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How does rule of 26-27-60 apply to this year’s QB class?

03.20.14 at 12:55 pm ET
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Johnny Manziel figures to be an early pick in this year's NFL Draft. (AP)

Johnny Manziel figures to be an early pick in this year’s NFL Draft. (AP)

History tells us that trying to find a franchise quarterback can be a bit of a crapshoot, but there are a few guidelines you can use along the way to figure out what sort of success a college signal-caller might have at the next level. One of those guidelines is the rule of 26-27-60.

The rule has been knocking around for a few years — Football Outsiders wrote about it in its 2006 edition of the Pro Football Prospectus, and in 2010, Sports Illustrated writer John Lopez expanded on the idea. Simply put, it states that if a quarterback scored at least a 26 on the Wonderlic test, started at least 27 college games and completed at least 60 percent of his passes as a collegian, there’€™s a good chance he will succeed at the NFL level.

No formula is perfect, but it’€™s been a pretty fair barometer of success over the last decade or so. Since 1998, here’€™s a look at who has passed and who has failed.

Pass: Drew Brees, Peyton Manning, Tony Romo, Philip Rivers, Matt Ryan, Eli Manning, Russell Wilson, Nick Foles, Andrew Luck, Robert Griffin III.

Fail: Ryan Leaf, David Carr, Akili Smith, JaMarcus Russell, Tim Couch, Joey Harrington, Daunte Culpepper, Vince Young, Tim Tebow, Jimmy Clausen, Colt McCoy, Jake Locker.

No formula is perfect, as there are exceptions to the rule: Tom Brady, Joe Flacco and Ben Roethlisberger all fell just short in one of the three categories. Brady fell one short when it came to starts (he had 26 instead of 27, but that could be blamed on the shortsightedness of Michigan coach Lloyd Carr), while Roethlisberger posted a 25 on the Wonderlic and Flacco made 26 career starts. Between the three of them, they have six Super Bowl rings. And Brett Favre and Donovan McNabb fell short when it came to their Wonderlic scores.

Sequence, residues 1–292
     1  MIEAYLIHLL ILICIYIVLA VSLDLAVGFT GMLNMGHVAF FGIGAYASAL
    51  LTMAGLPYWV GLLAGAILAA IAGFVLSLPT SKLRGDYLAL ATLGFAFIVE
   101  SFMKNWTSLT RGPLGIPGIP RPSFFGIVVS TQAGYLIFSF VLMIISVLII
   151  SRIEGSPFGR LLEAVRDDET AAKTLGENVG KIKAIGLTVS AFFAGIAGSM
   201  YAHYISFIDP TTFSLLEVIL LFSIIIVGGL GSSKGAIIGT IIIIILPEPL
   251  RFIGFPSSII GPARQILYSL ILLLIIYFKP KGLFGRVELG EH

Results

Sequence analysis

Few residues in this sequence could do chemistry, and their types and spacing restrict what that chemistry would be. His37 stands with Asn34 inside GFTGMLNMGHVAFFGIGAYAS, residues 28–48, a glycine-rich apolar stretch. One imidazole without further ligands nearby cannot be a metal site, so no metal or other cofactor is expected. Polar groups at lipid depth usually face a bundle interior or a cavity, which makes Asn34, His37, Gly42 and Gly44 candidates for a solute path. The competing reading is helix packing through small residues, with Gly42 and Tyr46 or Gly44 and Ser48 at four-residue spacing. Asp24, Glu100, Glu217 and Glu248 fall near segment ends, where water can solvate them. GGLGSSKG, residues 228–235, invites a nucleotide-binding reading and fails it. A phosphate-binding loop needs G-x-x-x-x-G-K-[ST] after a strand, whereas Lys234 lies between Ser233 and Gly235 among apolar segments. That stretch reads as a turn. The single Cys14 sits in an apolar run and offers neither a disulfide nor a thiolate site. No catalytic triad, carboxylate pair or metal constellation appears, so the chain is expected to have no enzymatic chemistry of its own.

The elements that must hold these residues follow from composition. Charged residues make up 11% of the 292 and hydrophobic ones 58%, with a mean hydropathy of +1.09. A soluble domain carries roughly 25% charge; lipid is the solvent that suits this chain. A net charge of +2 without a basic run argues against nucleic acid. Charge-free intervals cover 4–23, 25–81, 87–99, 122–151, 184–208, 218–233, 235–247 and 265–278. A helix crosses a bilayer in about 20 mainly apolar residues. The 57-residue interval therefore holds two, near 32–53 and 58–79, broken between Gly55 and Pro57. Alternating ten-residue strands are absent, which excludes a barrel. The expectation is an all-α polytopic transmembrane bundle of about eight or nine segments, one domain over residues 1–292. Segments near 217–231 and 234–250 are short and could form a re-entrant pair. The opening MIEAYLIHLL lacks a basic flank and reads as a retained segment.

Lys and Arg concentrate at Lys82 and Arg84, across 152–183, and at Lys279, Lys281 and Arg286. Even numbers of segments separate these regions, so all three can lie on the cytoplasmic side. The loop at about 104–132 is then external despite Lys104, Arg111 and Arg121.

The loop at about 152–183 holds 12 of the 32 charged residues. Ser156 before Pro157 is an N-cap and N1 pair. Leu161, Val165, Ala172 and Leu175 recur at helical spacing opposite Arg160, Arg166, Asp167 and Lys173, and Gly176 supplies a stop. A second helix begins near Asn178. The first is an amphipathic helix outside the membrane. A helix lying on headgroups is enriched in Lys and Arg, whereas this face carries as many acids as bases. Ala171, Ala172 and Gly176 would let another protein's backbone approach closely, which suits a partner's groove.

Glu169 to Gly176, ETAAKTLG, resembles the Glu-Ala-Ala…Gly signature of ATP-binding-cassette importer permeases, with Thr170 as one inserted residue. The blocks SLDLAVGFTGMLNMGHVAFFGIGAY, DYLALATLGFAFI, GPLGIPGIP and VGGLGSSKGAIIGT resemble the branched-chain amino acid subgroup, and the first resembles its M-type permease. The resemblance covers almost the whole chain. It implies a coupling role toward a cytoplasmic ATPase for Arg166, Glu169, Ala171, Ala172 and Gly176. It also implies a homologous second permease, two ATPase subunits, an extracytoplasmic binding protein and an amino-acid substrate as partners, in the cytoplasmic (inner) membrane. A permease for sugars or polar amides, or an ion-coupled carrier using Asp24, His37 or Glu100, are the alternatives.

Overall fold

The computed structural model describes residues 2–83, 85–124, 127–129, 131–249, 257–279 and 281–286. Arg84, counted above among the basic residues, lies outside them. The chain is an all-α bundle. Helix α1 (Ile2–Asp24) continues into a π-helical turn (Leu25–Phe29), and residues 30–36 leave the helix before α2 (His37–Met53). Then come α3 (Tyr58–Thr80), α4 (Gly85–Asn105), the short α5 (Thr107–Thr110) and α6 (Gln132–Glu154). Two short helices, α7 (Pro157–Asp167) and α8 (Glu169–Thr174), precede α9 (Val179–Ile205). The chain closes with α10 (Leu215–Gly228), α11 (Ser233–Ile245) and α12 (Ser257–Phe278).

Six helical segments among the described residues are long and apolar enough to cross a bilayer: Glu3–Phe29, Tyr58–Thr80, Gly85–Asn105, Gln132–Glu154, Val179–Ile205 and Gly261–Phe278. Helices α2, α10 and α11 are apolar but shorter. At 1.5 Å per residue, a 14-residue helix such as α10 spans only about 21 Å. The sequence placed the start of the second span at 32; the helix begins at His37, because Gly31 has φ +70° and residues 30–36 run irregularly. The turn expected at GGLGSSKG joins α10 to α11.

Conversely, there are quarterbacks who have passed all three categories relatively easily, only to come up lacking at the NFL level, including Matt Leinart, Greg McIlroy, Brandon Weeden and Christian Ponder.

However, the formula also serves as some measure of validation for some of the under-the-radar draftees. In 2012, five of the top seven quarterbacks in the draft that year passed, including Wilson and Foles, two third-round picks who have gone onto exceed expectations in their relatively short time in the NFL.

Without the benefit of this year’€™s Wonderlic scores, we can’€™t get a completely accurate picture of how this year’€™s class stacks up. But armed with starts and completion percentage, here’€™s a breakdown of 10 of this year’€™s quarterbacks.

Aaron Murray: 52 starts, 62.3 percent completion rate
Chase Rettig: 46 starts, 55.2 percent completion rate
Jimmy Garoppolo: 45 starts, 62.8 percent completion rate
Tajh Boyd: 40 starts, 64.3 percent completion rate
Derek Carr: 39 starts, 66.7 percent completion rate
A.J. McCarron: 39 starts, 66.9 percent completion rate
Teddy Bridgewater: 34 starts, 68 percent completion rate
Blake Bortles: 27 starts, 65.7 percent completion rate
Johnny Manziel: 25 starts, 68.9 percent completion rate
Zack Mettenberger: 25 starts, 61.8 percent completion rate

There’€™s no magic formula when determining what quarterbacks will succeed or fail when they get to the NFL. But history tells us that more often than not, the rule of 26-27-60 provides us a small measure of insight as to what the future might hold for a collegiate signal-caller at the next level.

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